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Old 09-08-2017, 03:00 PM
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AZ Foreman AZ Foreman is offline
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I find Petrarch to be a far more interesting poet in Latin than in Italian. I suspect Petrarch himself would agree with me.
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Old 09-17-2017, 06:50 AM
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Ann Drysdale Ann Drysdale is offline
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That fascinates me. Would Petrarch writing in Latin be like Shakespeare writing in Anglo-Saxon? Would it involve scholarship and research and would he have been writing for a separate readership?
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Old 09-17-2017, 10:20 AM
John Isbell John Isbell is offline
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Hmm. Dante sixty years earlier made a conscious choice to write his Commedia in Italian, not Latin as might have been expected, and it's one reason he calls it a comedy. He wrote easily in Latin in some extended prose works - De Monarchia for instance. Italian for Dante was a fairly novel choice: there were the lyric stilnovisti before him, but not much I know of in the way of extended pieces. Italian was quite new, and to a fair extent Dante's creation.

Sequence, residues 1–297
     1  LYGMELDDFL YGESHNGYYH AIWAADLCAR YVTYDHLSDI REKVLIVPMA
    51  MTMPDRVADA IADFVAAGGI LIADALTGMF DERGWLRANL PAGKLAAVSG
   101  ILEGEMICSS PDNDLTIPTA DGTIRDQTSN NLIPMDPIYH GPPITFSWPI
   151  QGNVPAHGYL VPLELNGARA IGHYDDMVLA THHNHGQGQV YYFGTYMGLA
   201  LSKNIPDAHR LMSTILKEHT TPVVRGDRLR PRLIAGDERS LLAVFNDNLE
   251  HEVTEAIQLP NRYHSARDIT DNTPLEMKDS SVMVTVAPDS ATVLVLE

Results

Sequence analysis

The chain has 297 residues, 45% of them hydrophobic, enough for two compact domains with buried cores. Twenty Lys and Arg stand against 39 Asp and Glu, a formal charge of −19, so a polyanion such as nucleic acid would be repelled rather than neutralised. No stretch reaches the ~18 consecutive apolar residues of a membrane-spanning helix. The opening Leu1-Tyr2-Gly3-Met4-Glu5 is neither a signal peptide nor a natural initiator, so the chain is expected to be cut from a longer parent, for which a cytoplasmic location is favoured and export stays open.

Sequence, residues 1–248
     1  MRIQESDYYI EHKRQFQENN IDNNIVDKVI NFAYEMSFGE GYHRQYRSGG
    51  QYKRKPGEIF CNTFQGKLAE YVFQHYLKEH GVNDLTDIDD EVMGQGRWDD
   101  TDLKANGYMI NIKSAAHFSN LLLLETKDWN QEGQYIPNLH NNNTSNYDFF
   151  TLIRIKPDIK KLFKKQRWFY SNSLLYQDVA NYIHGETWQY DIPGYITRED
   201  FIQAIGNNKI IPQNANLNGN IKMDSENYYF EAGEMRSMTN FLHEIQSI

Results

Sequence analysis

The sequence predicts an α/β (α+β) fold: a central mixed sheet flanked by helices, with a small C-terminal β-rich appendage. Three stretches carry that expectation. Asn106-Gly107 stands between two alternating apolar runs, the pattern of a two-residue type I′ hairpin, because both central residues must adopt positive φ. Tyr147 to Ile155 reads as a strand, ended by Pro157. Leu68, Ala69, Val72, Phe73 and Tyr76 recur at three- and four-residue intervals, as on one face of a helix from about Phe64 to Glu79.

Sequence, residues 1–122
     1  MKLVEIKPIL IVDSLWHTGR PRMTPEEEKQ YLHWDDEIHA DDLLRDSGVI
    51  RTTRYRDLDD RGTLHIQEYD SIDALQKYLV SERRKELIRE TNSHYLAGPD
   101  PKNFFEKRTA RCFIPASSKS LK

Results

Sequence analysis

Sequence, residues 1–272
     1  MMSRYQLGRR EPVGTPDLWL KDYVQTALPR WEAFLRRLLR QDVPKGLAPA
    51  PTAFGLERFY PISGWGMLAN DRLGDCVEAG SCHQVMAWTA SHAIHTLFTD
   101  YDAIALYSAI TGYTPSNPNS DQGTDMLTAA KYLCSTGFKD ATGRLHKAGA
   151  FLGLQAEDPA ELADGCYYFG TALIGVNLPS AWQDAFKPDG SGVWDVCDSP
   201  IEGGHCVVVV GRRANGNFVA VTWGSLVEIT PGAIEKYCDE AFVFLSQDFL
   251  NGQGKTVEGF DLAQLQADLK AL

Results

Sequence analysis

Petrarch inherited that newish Italian option, and his Italian output is largely lyric, to my knowledge. His contemporary Boccaccio used Italian for the Decameron and for his comments on Dante. Petrarch took great pride in his scholarship - he was also a manuscript collector - and Latin conveys a certain dignity, a certain culture. Among the small audience of the literate in the 1360s, in Italy, most I'd think read Latin as easily as Italian. In France, which Petrarch spent time in, French was already a courtly language, in a way that I think Italian was not.
All this to say that Shakespeare's readers would be lost in Anglo-Saxon, whereas the great majority of Petrarch's readers would have Latin. A closer parallel might be Chaucer writing in Latin or French, as I believe he may have, besides his translations.
I think that's fairly accurate, but I'm not really a medievalist. Folks, feel free to correct my errors. :-)

Cheers,
John
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Old 09-17-2017, 11:54 PM
John Isbell John Isbell is offline
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Update: Petrarch lived 1304-1374, Boccaccio was a bit younger. Chaucer lived 1343-1400. Thank you google.

Cheers,
John
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Old 09-18-2017, 08:51 PM
Michael Juster Michael Juster is offline
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I dunno--the Canzoniere are fresh, innovative and enduring. Africa is derivative, soporific & deservedly almost forgotten.

I think Petrarch nailed it in Italian and struck out in Latin.
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